Recipe of the Week

Pea and Rissole Surprise

by Mrs. Nobs

Economical and nourishing

If you - like me - have a large, hungry family to feed, then you will be on the lookout for economical yet nourishing meals. This week I am delighted to offer just such a recipe. Furthermore, using a little-known technique which I shall describe later, you can transform the appearance of the meal so that it can be used day after day, completely undetectably.

First you will need to prepare some rissoles. Packets of rissole mix are available from your local greengrocer, but in my opinion it is hard to beat a genuine home-made one. I would therefore recommend using a food-mixing machine. (These handy contraptions are becoming more common these days, and a good one may be obtained for less than £5,000 on the second-hand market.) To make a rissole, you will need

To make the rissoles, finely chop all the ingredients (apart from the oil, which is difficult to chop), grasp with palms, and roll into balls. Place balls on the table and flatten with a rolling pin. If you do not have a rolling pin, the same effect may be had by carefully sitting on them, wearing a pair of PVC or leather trousers to avoid sticking. Alternatively, in recent times a new product known as cling-film has appeared on the market, and if available, this material can be applied to the buttocks prior to the flattening process.

Balls may also of course be flattened with a mallet. This is a matter of personal preference.

Finally, fry the rissoles in the oil until they are just done. An infallible test is known as the "burn" test. If, after a certain period of time the rissoles start to burn, it will be apparent (by optical and nostrilar inspection) that they have been overdone. If these symptoms are evident, it is recommended that the rissoles should be cooked for a shorter time. In this way the precise cooking time may be ascertained.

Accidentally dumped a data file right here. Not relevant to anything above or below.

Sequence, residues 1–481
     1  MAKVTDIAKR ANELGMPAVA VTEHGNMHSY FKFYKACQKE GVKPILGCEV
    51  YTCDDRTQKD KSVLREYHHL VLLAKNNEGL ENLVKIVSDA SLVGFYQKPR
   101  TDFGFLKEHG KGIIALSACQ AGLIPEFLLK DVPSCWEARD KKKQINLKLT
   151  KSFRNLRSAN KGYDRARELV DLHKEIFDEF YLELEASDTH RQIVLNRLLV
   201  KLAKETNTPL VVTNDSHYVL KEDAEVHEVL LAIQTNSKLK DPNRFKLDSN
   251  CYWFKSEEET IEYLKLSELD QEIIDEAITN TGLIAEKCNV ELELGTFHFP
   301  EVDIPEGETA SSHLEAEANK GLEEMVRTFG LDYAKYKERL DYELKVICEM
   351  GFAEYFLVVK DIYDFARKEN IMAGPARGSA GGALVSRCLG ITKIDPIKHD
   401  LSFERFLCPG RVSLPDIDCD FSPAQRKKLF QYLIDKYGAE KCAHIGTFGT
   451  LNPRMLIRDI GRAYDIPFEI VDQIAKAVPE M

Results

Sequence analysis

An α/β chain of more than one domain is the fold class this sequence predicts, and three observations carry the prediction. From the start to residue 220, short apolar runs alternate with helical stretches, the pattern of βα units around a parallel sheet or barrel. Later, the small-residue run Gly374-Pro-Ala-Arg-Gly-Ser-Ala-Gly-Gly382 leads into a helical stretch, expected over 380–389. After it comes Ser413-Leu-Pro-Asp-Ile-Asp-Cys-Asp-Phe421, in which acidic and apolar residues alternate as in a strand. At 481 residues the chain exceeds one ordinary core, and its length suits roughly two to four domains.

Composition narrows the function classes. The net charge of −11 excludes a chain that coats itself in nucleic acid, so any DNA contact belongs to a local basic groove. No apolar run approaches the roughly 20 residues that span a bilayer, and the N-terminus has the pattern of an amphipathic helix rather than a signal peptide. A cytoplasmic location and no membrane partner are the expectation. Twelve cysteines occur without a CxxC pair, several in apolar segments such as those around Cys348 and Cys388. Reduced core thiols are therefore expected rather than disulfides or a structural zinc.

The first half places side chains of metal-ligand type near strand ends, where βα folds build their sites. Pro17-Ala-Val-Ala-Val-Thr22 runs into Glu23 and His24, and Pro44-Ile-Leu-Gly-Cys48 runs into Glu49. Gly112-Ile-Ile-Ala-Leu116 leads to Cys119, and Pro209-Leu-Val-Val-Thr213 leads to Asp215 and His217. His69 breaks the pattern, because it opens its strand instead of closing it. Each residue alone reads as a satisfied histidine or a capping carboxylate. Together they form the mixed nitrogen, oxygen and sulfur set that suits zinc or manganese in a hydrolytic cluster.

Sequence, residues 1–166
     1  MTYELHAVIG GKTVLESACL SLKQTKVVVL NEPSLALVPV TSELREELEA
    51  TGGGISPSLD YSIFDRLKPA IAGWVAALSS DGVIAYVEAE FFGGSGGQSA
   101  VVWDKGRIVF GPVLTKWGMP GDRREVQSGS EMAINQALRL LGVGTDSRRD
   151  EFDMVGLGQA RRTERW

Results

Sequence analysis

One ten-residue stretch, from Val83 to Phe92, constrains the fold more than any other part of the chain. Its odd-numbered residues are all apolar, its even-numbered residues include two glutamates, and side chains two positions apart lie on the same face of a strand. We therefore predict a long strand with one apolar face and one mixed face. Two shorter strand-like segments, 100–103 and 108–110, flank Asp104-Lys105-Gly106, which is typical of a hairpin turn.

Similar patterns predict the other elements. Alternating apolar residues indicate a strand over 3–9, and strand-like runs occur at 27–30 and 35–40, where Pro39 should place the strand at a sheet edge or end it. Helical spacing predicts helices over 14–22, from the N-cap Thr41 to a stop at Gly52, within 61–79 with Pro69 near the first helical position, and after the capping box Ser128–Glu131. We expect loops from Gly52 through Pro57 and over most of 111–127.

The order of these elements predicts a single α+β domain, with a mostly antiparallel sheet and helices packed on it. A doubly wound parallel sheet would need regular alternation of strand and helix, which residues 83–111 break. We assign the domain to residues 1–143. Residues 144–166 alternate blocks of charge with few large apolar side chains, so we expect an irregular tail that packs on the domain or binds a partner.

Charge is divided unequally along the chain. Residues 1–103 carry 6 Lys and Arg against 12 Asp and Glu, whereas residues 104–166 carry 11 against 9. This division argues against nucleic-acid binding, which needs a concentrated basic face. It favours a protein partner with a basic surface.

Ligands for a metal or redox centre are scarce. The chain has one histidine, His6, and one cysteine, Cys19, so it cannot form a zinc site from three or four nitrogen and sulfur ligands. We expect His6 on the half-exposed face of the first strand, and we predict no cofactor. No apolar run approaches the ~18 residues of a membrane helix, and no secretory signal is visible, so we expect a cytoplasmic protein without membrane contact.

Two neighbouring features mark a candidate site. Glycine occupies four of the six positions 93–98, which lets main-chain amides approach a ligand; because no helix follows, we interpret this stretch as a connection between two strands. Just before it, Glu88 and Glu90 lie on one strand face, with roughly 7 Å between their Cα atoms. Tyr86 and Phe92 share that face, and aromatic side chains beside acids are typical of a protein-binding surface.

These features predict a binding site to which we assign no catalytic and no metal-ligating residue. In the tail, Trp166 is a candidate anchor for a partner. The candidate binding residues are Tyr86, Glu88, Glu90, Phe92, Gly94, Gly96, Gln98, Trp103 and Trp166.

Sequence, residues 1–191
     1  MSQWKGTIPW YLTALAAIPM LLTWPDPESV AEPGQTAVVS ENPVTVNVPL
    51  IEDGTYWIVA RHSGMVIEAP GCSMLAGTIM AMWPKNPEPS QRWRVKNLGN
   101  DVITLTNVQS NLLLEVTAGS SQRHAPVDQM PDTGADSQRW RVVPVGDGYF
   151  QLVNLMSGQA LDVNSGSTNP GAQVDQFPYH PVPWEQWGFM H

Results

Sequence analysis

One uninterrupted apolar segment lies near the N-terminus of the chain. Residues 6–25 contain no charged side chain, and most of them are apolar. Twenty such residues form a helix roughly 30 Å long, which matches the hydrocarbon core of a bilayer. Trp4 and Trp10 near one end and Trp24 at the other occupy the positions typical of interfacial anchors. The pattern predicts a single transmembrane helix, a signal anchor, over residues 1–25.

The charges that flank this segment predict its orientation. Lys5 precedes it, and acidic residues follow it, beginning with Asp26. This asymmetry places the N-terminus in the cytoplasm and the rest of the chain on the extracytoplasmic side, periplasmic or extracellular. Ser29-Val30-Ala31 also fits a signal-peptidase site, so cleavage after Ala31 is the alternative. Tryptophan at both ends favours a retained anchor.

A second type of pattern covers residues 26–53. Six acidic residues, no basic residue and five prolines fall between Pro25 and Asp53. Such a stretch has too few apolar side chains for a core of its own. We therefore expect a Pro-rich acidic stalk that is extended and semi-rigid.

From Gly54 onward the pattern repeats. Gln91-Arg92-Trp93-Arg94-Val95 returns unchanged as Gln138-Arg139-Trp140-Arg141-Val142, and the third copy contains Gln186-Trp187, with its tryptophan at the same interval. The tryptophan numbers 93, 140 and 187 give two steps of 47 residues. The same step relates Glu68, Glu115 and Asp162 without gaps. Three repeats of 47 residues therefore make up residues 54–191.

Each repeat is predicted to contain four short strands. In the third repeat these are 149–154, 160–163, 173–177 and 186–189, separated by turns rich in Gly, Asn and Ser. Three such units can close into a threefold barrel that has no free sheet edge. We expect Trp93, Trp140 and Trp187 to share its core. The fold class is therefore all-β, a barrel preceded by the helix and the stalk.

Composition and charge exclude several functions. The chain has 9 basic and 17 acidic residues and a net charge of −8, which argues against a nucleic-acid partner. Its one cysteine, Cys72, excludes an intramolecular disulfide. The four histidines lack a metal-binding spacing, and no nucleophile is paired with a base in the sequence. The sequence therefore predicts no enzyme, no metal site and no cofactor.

As a general rule, never overcook rissoles, but avoid undercooking them at all costs.

For the accompaniment, with reference to fig. 1, I would recommend a generous portion of freshly picked and shelled garden peas, mashed hand-picked King Edward potatoes, a succulent hand-picked tomato diced in two, and a garnish of lettuce leaves.

For those on a tight budget, more cost-effective substitutes are as follows:

Serving suggestion

A Surprise Variant

To introduce a little variety, why not obtain a few aerosols of motor car touch-up paint? These days, this type of paint is lead-free and any slight flavour can be masked with a liberal dose of tomato sauce.

Experiment with colour schemes. With some imagination, the same meal can be served for weeks on end without anyone realising!

Next week I will describe how to make a ham sandwich from a few pieces of cheese.

© Bluebottle Weekly, 1996 Reproduced with permission